1997 was always going to be a turning point in Hong Kong, as Britain's colonial mandate expired and the territory was reclaimed by China. The transition was smooth, however. It was the financial crisis that swept across Asia-Pacific the following year that shook Hong Kong. The economy shrank by 5% in 1998, land transactions dried up and property developers sat on land they had bought at the top of the market.
The economy appears to have bounced back, but the financial crisis caused Hong Kong to re-examine its position in Asia-Pacific. As it has transformed from a manufacturing economy to a financial centre, factories have moved to China, where labour costs are lower. It now faces the threat that China will soon be able to offer international financial services at a bargain price, too.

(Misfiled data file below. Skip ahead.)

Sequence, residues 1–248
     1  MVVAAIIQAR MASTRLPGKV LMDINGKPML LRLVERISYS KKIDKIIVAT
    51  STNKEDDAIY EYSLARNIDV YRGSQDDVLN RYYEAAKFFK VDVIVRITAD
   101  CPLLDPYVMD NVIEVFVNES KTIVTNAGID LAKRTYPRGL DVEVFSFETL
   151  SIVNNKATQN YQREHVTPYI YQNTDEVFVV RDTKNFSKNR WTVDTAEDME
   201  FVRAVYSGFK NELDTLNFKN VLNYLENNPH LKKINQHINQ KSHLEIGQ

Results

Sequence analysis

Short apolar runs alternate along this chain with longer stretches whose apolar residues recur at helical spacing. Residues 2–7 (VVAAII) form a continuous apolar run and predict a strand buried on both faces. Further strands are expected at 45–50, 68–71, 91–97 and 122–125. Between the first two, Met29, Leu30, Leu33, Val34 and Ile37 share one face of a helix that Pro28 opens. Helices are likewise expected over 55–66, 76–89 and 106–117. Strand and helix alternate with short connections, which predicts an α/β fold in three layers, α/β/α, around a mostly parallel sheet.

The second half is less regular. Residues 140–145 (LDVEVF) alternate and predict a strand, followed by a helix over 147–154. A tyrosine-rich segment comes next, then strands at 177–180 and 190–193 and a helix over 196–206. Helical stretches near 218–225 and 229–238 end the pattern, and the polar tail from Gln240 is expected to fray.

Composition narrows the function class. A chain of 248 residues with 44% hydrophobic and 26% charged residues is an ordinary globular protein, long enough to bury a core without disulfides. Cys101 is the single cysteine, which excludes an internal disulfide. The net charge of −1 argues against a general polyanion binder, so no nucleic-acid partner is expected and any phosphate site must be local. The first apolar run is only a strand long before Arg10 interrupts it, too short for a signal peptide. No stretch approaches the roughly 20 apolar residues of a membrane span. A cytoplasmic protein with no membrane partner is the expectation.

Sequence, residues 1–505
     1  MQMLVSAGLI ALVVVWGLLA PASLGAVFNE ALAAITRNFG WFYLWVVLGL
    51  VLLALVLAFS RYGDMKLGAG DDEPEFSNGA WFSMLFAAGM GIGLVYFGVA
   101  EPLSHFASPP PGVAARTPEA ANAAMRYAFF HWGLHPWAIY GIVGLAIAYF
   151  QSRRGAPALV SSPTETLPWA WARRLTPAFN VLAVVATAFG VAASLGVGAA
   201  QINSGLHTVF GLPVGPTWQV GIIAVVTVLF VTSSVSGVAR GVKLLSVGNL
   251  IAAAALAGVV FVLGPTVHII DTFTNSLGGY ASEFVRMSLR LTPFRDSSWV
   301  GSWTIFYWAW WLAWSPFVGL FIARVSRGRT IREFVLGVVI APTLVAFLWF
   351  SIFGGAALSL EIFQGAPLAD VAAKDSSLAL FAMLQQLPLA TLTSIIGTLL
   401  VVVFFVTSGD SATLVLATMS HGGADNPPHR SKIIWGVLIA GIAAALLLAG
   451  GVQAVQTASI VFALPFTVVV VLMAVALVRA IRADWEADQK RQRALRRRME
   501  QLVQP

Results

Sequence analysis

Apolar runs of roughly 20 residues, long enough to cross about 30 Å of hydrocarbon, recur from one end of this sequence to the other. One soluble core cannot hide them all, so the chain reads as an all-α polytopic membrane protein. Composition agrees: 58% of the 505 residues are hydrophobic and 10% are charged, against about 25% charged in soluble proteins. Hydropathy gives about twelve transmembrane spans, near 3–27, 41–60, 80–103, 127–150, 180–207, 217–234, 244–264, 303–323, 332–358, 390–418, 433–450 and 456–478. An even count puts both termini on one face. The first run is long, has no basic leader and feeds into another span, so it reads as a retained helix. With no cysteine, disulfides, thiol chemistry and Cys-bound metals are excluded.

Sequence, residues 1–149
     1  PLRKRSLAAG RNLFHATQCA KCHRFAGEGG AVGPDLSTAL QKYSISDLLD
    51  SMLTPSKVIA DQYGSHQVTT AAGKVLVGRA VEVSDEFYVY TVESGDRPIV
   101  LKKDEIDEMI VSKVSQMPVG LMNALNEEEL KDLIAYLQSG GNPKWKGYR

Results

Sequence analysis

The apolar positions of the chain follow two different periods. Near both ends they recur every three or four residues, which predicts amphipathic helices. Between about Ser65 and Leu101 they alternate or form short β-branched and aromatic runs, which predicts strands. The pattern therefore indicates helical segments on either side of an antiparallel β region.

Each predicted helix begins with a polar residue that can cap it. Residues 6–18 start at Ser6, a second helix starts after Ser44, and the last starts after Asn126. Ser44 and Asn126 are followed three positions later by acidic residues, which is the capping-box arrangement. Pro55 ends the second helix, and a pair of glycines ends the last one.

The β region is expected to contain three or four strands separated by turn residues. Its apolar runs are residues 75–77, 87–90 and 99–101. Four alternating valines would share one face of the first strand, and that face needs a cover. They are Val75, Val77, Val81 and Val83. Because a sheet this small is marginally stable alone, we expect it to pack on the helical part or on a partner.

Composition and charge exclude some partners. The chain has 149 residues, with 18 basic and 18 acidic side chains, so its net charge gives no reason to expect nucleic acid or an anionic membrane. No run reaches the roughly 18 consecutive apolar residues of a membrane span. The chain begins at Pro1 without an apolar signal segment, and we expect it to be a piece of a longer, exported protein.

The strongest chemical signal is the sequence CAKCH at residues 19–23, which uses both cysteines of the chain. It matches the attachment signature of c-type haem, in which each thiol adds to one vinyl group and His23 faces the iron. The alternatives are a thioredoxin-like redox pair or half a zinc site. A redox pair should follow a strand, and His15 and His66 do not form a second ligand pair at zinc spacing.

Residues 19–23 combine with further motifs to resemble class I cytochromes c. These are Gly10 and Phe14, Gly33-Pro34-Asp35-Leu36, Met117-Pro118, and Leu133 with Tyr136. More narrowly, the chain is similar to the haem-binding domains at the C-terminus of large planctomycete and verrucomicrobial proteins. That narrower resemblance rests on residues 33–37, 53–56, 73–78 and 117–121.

China’s entry into the World Trade Organisation, expected in early 2001, will increase its economic pulling power as a trading nation.
In this climate, Hong Kong had to reposition itself – it is becoming a provider of information technology. It is determined to expand its capacity as an entrepot for China.
Many Hong Kong-based British firms have set their sights on mainland China, which was untouched by the recession. Atkins China is designing the titanium roof of the £400m Beijing Opera House and Terry Farrell’s Hong Kong office is focused on the £120m Guangzhou Daily Cultural Plaza, and a 520 ha masterplan for Shenzhen.
So what does the future hold for Hong Kong? Most of the territory is convinced that the territory's economy will be boosted further, as it handles 40% of mainland China's foreign trade, which rose 36.7% in the first eight months of 2000.